Amphibio: Aquatic Couture by Jun Kamei Converts Seawater Into Breathable Oxygen

all photography by Mikito Tateisi, courtesy Jun Kamei

Ask any fan of Harry Potter and they’ll tell you the Bubble-Head Charm is the most effective spell for breathing underwater. But now, thanks to science and curiosity, even this fantasy could be joining its talking-robot and self-driving-car peers in making the leap from science fiction to reality. Japanese designer Jun Kamei has created Amphibio: “a gill garment for our aquatic future,” which he is presenting as part of his graduation thesis from London’s Royal College of Art (RCA).

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Acrylic Paintings of Objects Sliced Like Sashimi by Yoko Eda

Graduating art student Eda Yoko presented her ongoing series “Sashimi of Things” as part of her senior thesis. Although seemingly photographed, these are expertly painted acrylic painting of everyday objects that are thinly sliced and presented as if they were sashimi.

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Graphic Posters of Kawagoe City by Ayano Sunagawa

Kawagoe is a Japanese city northwest of Tokyo. In the olden days it was known to have had strong cultural and economic ties to the city capital of Edo. It even earned the nickname Koedo, or small-Edo. Remnants of this past still remain, and to help tell its story, graphic design student Ayano Sunagawa created a series of stunning black and white posters for her graduation thesis project.

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Manga Artist Tezuka Osamu’s 90th Anniversary Commemorated in Rice Paddy Art

photos courtesy Sankei Photo

Every year around this time Inakadate Village in Japan’s Aomori prefecture transforms their rice paddies into a gigantic canvas for art. This year they’re celebrating the 90th Anniversary of manga artist Osamu Tezuka.

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Layered: Real Life Pixelated Foods by Yuni Yoshida

Pixels are typically associated with digital formats. But in a recent series, Japanese Creative Director Yuni Yoshida turns that thinking inside-out, using real food and analog techniques of cutting and stacking to create patches of “pixelations” in her staged compositions of food.

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The Japanese 3D Optical Illusion Notebook Created by a High-Schooler

All Mozu wanted was to make his friends laugh. So the Japanese high-schooler would use his illustration skills to doodle in his friends’ notebook while they were away. When they came back to their desk they found eraser droppings all over their notebook. They would try to wipe them away but couldn’t. That’s when they realized Mozu had struck again. And that was the beginning of the Nouto Book, a note book filled with Mozu’s pre-printed 3D optical illusions.

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Traditional Japanese Motifs Playfully Repurposed by Ruri Clarkson

Traditional Japanese motifs like the pine tree and plum blossom have been around for hundreds of years in Japan. Some reference the shinto religion while others reference the emperor, or simply aspects of nature. Perhaps because of this history the motifs can come with a lot of baggage, so to speak. “I could feel the old motifs sinking deeper into the waters of the past,”says Tokyo-based visual artist Ruri Clarkson. Chromatope is Clarkson’s attempt to “liberate traditional motifs from the weight of history” and reintroduce them into daily life as embroidery patterns that can be worn on dresses, shoulder bags and backpacks.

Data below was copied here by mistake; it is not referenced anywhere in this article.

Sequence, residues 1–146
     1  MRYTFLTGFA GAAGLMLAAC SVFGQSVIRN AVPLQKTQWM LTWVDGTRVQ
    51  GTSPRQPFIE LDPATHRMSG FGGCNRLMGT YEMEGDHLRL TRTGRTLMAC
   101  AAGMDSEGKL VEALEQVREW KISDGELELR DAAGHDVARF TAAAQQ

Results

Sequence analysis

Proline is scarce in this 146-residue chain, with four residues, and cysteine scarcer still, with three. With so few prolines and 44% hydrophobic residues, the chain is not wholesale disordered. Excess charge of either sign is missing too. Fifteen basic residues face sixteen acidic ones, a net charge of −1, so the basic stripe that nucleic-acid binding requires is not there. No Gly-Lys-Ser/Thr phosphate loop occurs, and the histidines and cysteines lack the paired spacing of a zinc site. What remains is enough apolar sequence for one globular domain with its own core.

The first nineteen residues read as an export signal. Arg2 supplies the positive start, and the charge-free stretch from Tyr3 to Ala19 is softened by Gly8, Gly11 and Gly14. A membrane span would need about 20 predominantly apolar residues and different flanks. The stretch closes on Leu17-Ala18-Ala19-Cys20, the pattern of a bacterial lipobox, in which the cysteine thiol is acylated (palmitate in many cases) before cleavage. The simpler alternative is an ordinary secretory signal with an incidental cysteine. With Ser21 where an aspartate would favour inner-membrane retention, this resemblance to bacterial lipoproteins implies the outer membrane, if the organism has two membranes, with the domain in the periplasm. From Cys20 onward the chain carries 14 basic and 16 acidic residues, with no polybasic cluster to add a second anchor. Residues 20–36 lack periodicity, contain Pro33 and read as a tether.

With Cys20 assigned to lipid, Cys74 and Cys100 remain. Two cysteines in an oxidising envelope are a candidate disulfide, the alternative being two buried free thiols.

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An Exhibition of Photographs and Ceramics at Dazaifu Tenmangu Shrine

unless otherwise noted, all photos by Hiroshi Mizusaki courtesy Case-Real Architects

Japan’s Dazaifu Tenmangu shrine, the 1,100-year-old site of Shinto worship in Fukuoka, has thousands of historic artifacts and antiques as part of their public art collection. But several years ago the shrine embarked on an ingenious program – spearheaded by a young priest – to host contemporary art shows within their historic walls. This summer, two Japanese artists heavily influenced by Finland, come together in a multidisciplinary exhibition of photographs and ceramics.

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Kashiwa Sato’s Rebranding for 7-Eleven Japan

unless otherwise noted, all photos courtesy Kashiwa Sato

In 2010, Creative Director Kashiwa Sato embarked on an ambitious project to rebrand 7-Eleven Japan. In doing so, Sato developed a design strategy for Japan’s largest chain of convenient stores (conbini) and deployed, what he calls, “iconic branding.” It’s the same approach he’s used for other high-profile clients like Uniqlo and NTT Docomo but the essence is to identify a core message and then design an icon that conveys that message across barriers.

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Misojyu: A New Eatery in Tokyo Serves Just Miso Soup and Onigiri

photos courtesy Kouki Komatsuzawa/Splendor

Miso soup and onigiri (rice balls) are my ultimate comfort food. I take them with me when I travel, especially on long flights because nothing puts me at ease quite like sipping warm miso soup. It’s a simple pleasure but one that Misojyu, a new eatery in Tokyo, wants to share with locals and visitors alike.

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